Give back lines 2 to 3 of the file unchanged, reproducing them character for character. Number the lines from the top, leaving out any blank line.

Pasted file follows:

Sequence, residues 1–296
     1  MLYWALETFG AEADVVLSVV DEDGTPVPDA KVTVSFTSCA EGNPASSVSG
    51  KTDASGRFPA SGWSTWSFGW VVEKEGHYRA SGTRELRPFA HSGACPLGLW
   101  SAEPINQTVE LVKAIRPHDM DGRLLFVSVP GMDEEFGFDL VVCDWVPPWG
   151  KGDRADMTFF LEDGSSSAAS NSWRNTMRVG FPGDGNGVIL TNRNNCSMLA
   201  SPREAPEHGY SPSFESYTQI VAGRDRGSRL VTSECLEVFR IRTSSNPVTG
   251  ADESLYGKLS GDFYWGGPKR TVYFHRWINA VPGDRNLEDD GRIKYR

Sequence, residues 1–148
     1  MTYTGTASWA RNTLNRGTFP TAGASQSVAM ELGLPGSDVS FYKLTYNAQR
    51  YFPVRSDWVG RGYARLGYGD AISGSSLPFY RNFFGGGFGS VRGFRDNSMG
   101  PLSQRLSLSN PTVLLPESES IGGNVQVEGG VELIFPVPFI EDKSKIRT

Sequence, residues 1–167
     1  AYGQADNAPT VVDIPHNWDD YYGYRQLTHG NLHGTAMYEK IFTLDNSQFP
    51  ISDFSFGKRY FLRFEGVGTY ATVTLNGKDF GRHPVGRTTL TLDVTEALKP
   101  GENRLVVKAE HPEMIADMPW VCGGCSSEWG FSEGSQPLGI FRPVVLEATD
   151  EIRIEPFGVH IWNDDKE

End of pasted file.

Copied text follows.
     1  MLYWALETFG AEADVVLSVV DEDGTPVPDA KVTVSFTSCA EGNPASSVSG
    51  KTDASGRFPA SGWSTWSFGW VVEKEGHYRA SGTRELRPFA HSGACPLGLW